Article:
The manufacturing sector has also shown signs of some recovery and is expected to contribute positively to the 2009 fourth quarter growth outcome. The physical volume of manufacturing production declined at a year-on-year rate of 4,7 percent in November, but increased by 3,9 percent in the three months to November compared to the previous three months. The Kagiso Purchasing Managers Index (PMI) also reflected a positive outlook in November and December. However the manufacturing sector may be constrained by weak domestic demand, while external demand will be impacted by the strength of the global recovery as well as, in part, by exchange rate developments.
The rand has remained a positive factor from an inflation perspective. However the MPC is cognisant of the negative impact of the rand’s movements during the past year on some sectors of the economy. Since the previous MPC meeting, the rand/dollar exchange rate has fluctuated between around R7,28 and R7,73. On a trade weighted basis, the rand is more or less unchanged since the previous meeting. Much of the volatility of the exchange rate during this period can be explained by general volatility in the international foreign exchange markets where the US dollar fluctuated in a range of US$1,41 and US$1,51 against the euro.
With the decline of risk aversion in global markets, emerging markets in general, including South Africa, have also had to deal with significant capital inflows. These inflows have put upward pressure on a number of emerging market currencies. Intervention to prevent these appreciations is often costly and not always effective. At the same time the possibility of reversals of these flows, should global sentiment change and poses a risk to the exchange rate outlook in these countries.
The global recovery has continued with relatively strong performances in some of the emerging market economies. However risks and vulnerabilities still remain, particularly in a number of countries in the euro area and the recovery is expected to remain relatively slow in some economies that are important export destinations for South African goods. Unsustainable fiscal positions as well as the need to reverse previous unconventional monetary policy interventions may also pose a risk to the global growth outlook. The global environment remains benign from an inflation perspective. Despite moderately higher commodity prices, there are no significant risks to the global inflation outlook.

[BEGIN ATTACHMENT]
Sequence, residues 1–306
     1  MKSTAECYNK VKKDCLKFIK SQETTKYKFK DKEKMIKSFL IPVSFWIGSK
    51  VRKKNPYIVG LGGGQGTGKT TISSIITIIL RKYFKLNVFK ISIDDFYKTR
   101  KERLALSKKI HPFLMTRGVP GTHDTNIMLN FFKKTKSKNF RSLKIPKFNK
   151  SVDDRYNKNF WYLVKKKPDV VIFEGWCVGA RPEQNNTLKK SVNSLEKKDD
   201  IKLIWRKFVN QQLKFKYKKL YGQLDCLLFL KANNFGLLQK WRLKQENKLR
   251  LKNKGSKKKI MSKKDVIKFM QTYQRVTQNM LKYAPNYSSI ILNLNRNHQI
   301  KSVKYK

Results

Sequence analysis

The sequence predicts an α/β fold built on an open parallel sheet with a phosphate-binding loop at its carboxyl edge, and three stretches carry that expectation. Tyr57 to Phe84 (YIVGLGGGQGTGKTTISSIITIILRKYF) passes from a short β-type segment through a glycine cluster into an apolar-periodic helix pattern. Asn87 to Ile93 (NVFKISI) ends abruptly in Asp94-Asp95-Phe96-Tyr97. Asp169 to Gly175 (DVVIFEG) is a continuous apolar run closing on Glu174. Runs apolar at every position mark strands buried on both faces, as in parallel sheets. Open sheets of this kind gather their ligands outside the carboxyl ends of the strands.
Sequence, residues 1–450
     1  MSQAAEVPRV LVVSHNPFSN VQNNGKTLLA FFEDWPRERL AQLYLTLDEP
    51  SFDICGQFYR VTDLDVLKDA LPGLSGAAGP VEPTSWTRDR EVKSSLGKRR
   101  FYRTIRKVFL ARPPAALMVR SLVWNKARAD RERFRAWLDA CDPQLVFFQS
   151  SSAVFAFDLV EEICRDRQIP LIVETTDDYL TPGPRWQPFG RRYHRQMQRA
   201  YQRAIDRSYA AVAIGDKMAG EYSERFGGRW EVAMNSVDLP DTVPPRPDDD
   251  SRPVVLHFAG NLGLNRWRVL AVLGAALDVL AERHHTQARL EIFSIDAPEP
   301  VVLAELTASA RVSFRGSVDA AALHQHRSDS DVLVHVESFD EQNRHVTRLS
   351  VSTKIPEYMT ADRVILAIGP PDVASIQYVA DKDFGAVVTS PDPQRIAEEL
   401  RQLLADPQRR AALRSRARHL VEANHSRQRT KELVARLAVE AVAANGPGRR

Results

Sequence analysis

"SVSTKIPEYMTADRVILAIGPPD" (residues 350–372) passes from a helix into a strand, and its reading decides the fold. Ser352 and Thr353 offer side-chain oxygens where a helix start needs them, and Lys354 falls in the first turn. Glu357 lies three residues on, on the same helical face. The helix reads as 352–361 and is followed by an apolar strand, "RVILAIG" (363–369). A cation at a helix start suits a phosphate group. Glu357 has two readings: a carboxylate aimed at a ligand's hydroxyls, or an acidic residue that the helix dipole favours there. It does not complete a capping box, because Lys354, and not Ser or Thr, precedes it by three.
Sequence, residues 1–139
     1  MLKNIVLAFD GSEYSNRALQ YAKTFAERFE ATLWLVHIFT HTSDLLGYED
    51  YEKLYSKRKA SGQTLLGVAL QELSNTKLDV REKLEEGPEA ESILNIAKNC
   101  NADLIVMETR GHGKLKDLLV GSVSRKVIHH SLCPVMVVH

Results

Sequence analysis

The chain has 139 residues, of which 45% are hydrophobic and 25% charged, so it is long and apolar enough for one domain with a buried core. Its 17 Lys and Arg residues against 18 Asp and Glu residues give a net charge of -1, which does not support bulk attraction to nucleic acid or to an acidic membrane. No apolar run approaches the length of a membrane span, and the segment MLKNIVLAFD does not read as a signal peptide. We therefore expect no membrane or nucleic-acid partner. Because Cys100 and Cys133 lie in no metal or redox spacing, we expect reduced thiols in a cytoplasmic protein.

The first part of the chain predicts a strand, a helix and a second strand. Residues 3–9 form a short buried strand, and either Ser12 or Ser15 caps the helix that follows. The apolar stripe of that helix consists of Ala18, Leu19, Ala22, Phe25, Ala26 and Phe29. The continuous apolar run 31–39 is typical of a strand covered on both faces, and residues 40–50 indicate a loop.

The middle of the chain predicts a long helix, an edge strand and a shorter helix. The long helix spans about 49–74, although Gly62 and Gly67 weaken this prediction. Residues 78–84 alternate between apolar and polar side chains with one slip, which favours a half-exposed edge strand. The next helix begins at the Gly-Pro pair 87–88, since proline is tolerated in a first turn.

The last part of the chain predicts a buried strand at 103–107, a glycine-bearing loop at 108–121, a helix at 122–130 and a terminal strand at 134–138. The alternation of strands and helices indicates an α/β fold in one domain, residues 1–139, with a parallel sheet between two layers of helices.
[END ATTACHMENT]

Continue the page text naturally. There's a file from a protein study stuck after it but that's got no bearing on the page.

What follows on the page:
Other supply side or exogenous factors are not expected to impart a significant upside risk to the inflation forecast. International oil prices appear to have stabilised somewhat over the past months, and moderate increases have been assumed over the forecast period. The outlook for food price inflation, as reflected in producer prices and futures prices, is favourable and these prices are unlikely to pose an upside risk to the inflation outlook for some time despite higher food prices in international markets.
The risk to the inflation outlook emanating from wage developments appears to have subsided somewhat. Wage settlements are still in excess of inflation, but have been declining in nominal terms. Average nominal remuneration per worker in the formal non-agricultural sector moderated to 7,6 percent in the third quarter of 2009, while the nominal unit labour cost increase in the third quarter compared with the same quarter the previous year measured 5,7 percent.
Electricity price increases remain the single biggest risk to the inflation outlook. There is the risk that increases granted to Eskom could be markedly higher than those assumed in the bank’s forecast, and there is also the risk that the second-round effects of these increases may be underestimated by the forecasting model.
Monetary policy stance
The MPC noted that inflation is likely to remain close to the upper end of the target range over the forecast period, and is of the view that the risks to this outlook are fairly evenly balanced. Electricity price increases pose the biggest upside risk, counteracted by the weak state of domestic demand. Against this background the MPC has decided to keep the repurchase rate unchanged at 7,0 percent per annum.
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Source: South African Reserve Bank
Issued by: South African Reserve Bank
26 Jan 2010